How do you handle difficult students?
Difficult students give me headache. I don't like it when I am teaching and some students are catching up fast while others are missing it and are also so slow in learning. It keeps me on the edge. As a perfectionist, it affects me because I always want things to be perfect. I want all my students to be smart and catch the moves fast. I am not also not happy when I slow down people who catch up fast to wait for a few slow learners. It is hard for me and I encourage these slow learners to come before the class so that I could teach them before the class proper and they won't slow down other students in the process. I work things out for me.
How do you handle disappointments?
I react in different ways to different kinds of disappointments. Initially after a disappointment, it is like a blow dealt on me. I am drawn back and hurt at that moment. After a while, for me to get back on track and overlook the disappointment, I try to fight the pain the disappointment has caused me by looking at the positive side of it. I create a logic for its occurrence. When I begin to enjoy the positive side of any disappointment I have suffered, I let go and flow back into my normal self.
What do you think about Nigerian youths?
Nigerian youths have great talents and I just pray that one day God will give us the opportunity to help each other realize our potentials to the fullest. There are youths out there that are not privileged enough to realize their dreams because of the condition they find themselves. They have the drive and tenacity to get to where they want to be only if a conducive environment is provided to assist them accomplish their dreams.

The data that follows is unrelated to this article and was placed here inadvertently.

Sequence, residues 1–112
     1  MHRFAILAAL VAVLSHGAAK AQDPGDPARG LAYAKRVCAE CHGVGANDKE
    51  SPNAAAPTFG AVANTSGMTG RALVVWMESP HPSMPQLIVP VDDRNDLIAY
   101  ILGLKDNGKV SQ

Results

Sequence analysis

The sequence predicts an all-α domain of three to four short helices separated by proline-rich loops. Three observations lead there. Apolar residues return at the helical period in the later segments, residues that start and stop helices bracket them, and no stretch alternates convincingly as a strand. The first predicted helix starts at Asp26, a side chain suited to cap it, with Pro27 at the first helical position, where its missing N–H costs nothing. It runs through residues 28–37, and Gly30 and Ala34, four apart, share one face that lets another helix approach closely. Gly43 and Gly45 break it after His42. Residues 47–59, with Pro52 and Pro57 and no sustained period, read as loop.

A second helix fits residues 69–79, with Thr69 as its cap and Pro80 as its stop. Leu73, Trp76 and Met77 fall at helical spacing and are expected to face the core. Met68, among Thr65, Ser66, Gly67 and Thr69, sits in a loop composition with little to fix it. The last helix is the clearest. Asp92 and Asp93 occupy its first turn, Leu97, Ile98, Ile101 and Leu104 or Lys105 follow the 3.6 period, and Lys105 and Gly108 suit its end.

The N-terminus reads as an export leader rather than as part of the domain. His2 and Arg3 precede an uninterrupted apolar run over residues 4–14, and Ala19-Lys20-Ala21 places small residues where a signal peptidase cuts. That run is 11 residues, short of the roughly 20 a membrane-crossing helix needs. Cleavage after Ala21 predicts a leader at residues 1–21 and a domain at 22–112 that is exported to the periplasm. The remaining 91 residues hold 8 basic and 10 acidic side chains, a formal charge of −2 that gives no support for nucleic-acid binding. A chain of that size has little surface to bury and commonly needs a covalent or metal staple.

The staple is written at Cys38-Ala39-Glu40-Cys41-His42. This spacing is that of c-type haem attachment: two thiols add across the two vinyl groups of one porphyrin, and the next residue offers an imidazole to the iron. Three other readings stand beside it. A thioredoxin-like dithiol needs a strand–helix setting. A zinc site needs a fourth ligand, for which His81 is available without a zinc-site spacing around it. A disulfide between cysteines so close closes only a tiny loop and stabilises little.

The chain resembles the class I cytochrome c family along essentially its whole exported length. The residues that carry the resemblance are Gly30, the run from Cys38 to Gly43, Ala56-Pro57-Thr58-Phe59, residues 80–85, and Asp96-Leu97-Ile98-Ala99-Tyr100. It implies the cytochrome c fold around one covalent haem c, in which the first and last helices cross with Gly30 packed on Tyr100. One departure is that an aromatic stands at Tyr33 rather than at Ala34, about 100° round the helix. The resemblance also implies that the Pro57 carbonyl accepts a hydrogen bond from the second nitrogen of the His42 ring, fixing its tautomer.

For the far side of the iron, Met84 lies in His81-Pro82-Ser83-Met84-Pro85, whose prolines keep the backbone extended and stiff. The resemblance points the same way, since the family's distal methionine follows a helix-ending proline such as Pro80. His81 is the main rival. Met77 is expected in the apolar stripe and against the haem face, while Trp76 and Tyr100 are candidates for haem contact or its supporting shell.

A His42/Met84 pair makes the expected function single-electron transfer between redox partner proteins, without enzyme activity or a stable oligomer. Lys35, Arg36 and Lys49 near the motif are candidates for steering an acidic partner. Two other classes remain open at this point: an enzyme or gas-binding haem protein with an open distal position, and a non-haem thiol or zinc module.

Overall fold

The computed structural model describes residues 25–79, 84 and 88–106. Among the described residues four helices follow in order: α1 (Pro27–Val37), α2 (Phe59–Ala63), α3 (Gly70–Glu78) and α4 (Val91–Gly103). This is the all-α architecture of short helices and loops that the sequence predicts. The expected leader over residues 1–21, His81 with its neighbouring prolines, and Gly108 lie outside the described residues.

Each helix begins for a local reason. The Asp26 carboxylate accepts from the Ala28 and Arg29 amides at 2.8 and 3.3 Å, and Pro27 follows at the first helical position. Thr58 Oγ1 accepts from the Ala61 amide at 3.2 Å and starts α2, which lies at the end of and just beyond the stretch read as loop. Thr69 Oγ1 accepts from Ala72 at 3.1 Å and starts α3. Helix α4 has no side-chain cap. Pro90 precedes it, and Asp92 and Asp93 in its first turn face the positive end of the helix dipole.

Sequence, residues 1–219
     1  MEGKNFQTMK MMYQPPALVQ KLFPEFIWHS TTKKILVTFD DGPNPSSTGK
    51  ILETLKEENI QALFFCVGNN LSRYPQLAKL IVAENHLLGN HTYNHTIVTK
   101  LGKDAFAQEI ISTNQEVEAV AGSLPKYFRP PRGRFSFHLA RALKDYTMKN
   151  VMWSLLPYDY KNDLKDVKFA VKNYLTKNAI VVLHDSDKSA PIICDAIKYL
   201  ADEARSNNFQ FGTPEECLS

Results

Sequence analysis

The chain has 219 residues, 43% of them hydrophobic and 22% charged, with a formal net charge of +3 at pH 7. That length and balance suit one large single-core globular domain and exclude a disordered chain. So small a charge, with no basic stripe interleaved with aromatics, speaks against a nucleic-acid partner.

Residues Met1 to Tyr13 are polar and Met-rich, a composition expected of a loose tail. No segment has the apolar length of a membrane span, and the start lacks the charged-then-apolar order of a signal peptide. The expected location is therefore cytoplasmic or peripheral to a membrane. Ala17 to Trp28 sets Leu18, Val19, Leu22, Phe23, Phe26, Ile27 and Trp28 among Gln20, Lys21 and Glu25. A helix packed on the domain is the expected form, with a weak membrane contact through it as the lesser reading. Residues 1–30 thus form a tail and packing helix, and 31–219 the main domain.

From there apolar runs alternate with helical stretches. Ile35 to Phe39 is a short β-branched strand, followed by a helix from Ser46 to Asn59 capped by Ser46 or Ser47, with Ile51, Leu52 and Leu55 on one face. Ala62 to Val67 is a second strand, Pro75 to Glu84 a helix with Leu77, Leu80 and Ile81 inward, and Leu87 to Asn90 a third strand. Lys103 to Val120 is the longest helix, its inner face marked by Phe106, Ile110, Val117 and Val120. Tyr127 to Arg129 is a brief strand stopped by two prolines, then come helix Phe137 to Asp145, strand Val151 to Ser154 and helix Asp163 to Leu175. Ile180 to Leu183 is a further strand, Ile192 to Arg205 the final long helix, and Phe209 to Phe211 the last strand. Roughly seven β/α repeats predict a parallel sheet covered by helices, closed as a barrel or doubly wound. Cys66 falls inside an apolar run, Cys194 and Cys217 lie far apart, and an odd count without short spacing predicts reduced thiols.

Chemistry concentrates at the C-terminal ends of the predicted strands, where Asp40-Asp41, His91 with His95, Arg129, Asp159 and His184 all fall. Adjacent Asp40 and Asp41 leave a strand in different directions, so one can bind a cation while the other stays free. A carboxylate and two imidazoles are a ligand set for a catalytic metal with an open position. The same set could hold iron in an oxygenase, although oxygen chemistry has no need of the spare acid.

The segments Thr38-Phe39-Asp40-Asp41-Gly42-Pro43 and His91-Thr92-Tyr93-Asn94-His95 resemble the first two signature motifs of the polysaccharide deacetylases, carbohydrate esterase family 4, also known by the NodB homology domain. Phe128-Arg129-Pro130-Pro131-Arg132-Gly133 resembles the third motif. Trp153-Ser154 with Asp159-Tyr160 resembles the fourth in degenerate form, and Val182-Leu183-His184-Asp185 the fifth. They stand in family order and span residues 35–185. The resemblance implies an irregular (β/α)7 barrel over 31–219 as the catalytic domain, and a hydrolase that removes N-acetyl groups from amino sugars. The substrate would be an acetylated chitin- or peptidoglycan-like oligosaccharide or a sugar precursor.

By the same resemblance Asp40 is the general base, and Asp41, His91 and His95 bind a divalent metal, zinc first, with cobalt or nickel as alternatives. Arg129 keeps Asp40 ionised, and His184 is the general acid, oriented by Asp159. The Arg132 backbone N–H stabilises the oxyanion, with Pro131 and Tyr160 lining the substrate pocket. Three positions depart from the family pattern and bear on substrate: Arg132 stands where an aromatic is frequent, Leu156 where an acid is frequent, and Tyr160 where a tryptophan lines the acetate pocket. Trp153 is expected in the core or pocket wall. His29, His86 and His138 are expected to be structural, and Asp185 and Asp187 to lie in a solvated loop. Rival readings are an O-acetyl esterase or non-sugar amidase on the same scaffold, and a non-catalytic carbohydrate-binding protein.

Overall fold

What do you think is responsible for youths taking to crime today?
The economy is responsible for that. It affects everybody but it affects the poor and makes them very poor. The economy for people that are rich can be managed by them. They can handle it and balance well with the economy. For people that are managing, fall below manage and still struggle to make ends meet. For those that are poor, they have fallen below the managing line and have no other means of containing hunger other than taking to crime and getting money the quick way.
They get it from other people to survive, although it is not an excuse for engaging in it and killing people or maiming them in the process. The life we are living now in Nigeria is survival of the fittest. If you want to survive, you must be willing to do anything even commit crime even though it is bad, but the economy has not helped Nigerian youths either. I believe God blesses people to help others below them get to the top too. People don't help the poor and when the poor are deprived of what is rightfully theirs and what they don't even have, the only tendency is to take it from those who have by force and that give birth to crime. When constantly starved and in a bid to eat, you can lose the sense of what makes you normal and go into crime.
Photo: Sun News Publishing
How would you describe your sense of style?
I love simple things but sometimes I could go chicky. At times, I could go wild with my dress because my dress sense goes with my mood. Style for me defines me as a distinct person, it stands you out as an individual.